Interestingly, the most significant factor identified by residents was fear of crime - although Enfield has relatively low crime rates.
Bindi Nagra, the council's Assistant Director - Strategy and Resources for Health and Adult Social Care chaired the JSNA Steering Group. He believes such feedback was extremely important. He says:
“We know what people are dying of, but before the consultation we did not know what they felt was affecting their health and wellbeing. And that is very important when it comes to accessing services, establishing the underlying causes of the problems and developing evidence-based responses.”
Outcomes and impact
The hard work put into the consultation has paid off. Those involved in the programme and the wider Enfield community are pleased with the result. They believe it provides the building blocks for better services and projects.
Tony Watts, of the Enfield Community Empowerment Network, describes the consultation “as good as any you will find anywhere.” Watts says:
“They did a really good job in reaching out to different parts of the community and I think it shows in what has been pulled together.
“At the heart of this is the good working relationship that exists. The voluntary sector has really felt part of this effort and that will stand Enfield in good stead for tackling these problems in the future.”
Nagra agrees. He believes the JSNA sets a challenge to the local partners when it comes time to refresh the Sustainable Community strategy, local area agreement (LAA) and other commissioning strategies and intentions. He also has a clear message for commissioners.
“I want to see them looking at the priorities, thinking what they can do about them and reporting back on how they intend to tackle them in future.”
But perhaps the lasting legacy of the process will be the improved integration between the partners.
“We have created a partnership that did not exist before. It brought us around the table and, I think, has led to a greater understanding of each other.”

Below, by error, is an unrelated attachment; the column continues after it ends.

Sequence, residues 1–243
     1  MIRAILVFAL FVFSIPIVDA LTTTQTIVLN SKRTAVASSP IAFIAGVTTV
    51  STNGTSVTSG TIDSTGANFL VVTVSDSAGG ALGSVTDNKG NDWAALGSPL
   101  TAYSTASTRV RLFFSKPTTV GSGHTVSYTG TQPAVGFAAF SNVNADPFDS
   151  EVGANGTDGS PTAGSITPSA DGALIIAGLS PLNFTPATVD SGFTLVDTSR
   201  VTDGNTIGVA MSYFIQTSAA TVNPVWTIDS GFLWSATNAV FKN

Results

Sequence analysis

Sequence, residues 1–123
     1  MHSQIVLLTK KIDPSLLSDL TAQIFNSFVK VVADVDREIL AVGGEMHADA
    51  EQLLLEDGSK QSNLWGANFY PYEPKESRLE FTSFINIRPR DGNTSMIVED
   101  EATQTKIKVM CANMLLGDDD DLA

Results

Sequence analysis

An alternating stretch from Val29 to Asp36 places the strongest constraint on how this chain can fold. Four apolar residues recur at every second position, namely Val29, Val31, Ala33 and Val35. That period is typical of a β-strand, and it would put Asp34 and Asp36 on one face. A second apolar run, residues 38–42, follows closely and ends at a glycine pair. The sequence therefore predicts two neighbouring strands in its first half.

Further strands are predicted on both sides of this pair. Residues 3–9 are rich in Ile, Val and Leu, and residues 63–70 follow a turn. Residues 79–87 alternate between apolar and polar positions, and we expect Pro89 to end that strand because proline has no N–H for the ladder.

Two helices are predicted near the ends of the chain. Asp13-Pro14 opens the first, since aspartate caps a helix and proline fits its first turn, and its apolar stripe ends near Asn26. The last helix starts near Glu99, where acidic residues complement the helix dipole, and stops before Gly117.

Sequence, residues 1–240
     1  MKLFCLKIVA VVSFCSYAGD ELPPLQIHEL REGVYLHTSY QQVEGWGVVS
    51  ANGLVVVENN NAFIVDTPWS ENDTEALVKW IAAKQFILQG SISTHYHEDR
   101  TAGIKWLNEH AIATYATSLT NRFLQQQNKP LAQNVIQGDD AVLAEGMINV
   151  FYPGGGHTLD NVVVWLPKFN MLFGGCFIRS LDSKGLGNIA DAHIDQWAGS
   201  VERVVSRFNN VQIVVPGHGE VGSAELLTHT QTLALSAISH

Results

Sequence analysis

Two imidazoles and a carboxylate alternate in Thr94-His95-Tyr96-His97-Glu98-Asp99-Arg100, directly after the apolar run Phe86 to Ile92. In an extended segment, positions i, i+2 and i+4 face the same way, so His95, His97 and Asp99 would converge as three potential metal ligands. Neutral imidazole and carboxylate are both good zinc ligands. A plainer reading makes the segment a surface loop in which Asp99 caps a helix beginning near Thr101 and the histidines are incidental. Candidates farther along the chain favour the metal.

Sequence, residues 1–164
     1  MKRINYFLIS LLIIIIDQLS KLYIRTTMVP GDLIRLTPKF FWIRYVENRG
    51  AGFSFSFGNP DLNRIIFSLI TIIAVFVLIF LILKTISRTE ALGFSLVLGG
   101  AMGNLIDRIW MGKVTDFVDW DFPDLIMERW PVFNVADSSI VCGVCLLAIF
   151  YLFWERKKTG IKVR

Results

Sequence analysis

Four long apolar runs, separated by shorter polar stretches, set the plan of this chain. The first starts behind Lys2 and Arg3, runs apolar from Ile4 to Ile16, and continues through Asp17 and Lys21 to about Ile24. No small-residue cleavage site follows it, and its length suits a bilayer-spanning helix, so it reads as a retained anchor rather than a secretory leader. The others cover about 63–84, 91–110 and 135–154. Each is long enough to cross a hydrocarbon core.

The JSNA may have just been published, but rather than marking the end of the journey, the council and PCT are seeing it as just the beginning.
“I don't see it as a one-off process, it has to evolve,” he says. “We effectively start again.”
Indeed, he believes it could be refreshed perhaps every 18 months to two years by engaging the public about their health and wellbeing, reassessing the core data and filling in gaps in information.
But this is a challenge that is being passed on to a new Steering Group Chair, Dr Shahed Ahmad, NHS Enfield's Director of Public Health. He agrees the JSNA must keep moving forward.
"We now have a really good overview and breadth of information, which we have not had before.
"I think the challenge now, as well as filling in the gaps in information, is to put the interventions in place to improve the statistics. The onus is going to be on the service providers to deliver and bend services to tackle the problems highlighted.
"For example, we now have really good data on life expectancy and health inequalities. So by working with practitioners we can maybe look at statin prescribing and hypertension to improve outcomes."
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11 November 2009